It is with great sadness that we move into May’s round of whisky auctions. Scotch Whisky Auctions opened the new month’s bidding with nothing less than devastating news that Loch Dhu, Black Whisky, appears to have increased in value and moved to a new higher trading level.
Sadness aside, sellers around the world are rejoicing at being able to find an alternative means of disposal for these dangerous bottles. SEWPA’s (Scottish Environment Whisky Protection Agency) recent ruling unilaterally banned Loch Dhu from being poured down the drain after it was found to be highly toxic to aquatic organisms… in fact any organisms. Until now, desperate whisky collectors had hidden the bottles away, afraid the very blackness of Loch Dhu’s foul soul would invade the rest of their collection. With bottles selling for £100 – £120 (up from previous trading range £65 – £80) collectors can now offload the pressure of ownership to those more interested in weapons of mass dhu-structiveness.
More sensibly, away from the black sludge, rare whisky prices advanced again, taking many bottles to new record highs.
Not the most obvious collector’s choice, Strathmill, saw a bottle of Douglas Laing’s Old Malt Cask 1962, 42 year old sell for £460. Its previous record was £360 in 2015 with a low point of £120 in 2010.
Having been lucky enough to be able to visit Islay last week to celebrate Lagavulin’s 200th birthday, it seems only fitting to mention the new record prices paid for a 2011 Jazz Festival bottling. £600 was the winning bid, just exceeding a slightly lower priced bottle at £560. Impressive results for a bottle which originally retailed for £80.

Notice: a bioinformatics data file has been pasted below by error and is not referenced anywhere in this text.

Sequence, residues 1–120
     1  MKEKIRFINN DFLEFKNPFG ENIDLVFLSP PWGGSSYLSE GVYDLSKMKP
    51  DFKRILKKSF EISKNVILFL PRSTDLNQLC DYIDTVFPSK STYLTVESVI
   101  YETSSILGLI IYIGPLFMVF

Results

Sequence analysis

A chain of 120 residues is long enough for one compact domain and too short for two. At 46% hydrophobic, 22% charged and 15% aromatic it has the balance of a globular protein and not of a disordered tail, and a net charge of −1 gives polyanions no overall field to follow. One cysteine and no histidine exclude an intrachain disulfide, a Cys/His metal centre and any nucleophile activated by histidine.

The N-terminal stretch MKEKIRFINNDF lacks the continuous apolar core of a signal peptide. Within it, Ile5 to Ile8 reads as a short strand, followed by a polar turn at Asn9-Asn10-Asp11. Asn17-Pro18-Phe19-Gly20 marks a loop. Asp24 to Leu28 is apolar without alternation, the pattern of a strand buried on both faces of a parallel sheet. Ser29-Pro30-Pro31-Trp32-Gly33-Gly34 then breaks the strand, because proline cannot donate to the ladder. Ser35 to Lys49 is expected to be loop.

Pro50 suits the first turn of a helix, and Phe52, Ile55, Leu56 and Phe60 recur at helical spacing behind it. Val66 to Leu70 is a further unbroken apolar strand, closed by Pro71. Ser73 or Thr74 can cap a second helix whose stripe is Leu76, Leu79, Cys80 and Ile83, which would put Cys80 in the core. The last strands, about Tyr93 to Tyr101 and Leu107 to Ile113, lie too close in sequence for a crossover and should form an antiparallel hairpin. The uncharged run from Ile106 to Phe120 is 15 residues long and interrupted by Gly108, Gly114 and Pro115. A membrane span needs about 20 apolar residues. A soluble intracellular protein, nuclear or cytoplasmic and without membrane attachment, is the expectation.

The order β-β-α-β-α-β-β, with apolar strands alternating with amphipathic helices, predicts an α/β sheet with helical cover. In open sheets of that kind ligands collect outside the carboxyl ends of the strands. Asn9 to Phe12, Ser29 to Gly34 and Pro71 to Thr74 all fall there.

Fellow, Islay distilleries Ardbeg and Bowmore also saw record results.
Ardbeg’s fourth release of the 1974 vintage Provenance breached the £2,000 mark for the first time when one sold for £2,100. Alongside the Provenance, a bottle of the mighty Ardbeg 1965 took £6,600, a comfortable new record.
A bottle of the 1968 37 year old from Bowmore also sailed through £2,000 for the first time. £2,600 took the bottle on this occasion which is 465% ahead of its record low £460 in 2009.
Representation from silent stills was relatively thin on the ground but for those making it to auction, values looked buoyant. Port Ellen’s first release took £1,900, not an outright record but well ahead of recent sales. A bottle of 1982/2000 Connoisseurs Choice from Brora managed to add £20 onto its previous £310 record and a 2004 Diageo Special Release Linlithgow (St. Magdalene) 30 year old soared to £760.
With a packed auction schedule in May, supply, again, looks high. At the moment, a certain element of positive momentum looks to be in control of the broader market… The first four months of the year have seen impressive results. If the rest of the year can keep pace, 2016 could well be a record breaker.
Images courtesy of Scotch Whisky Auctions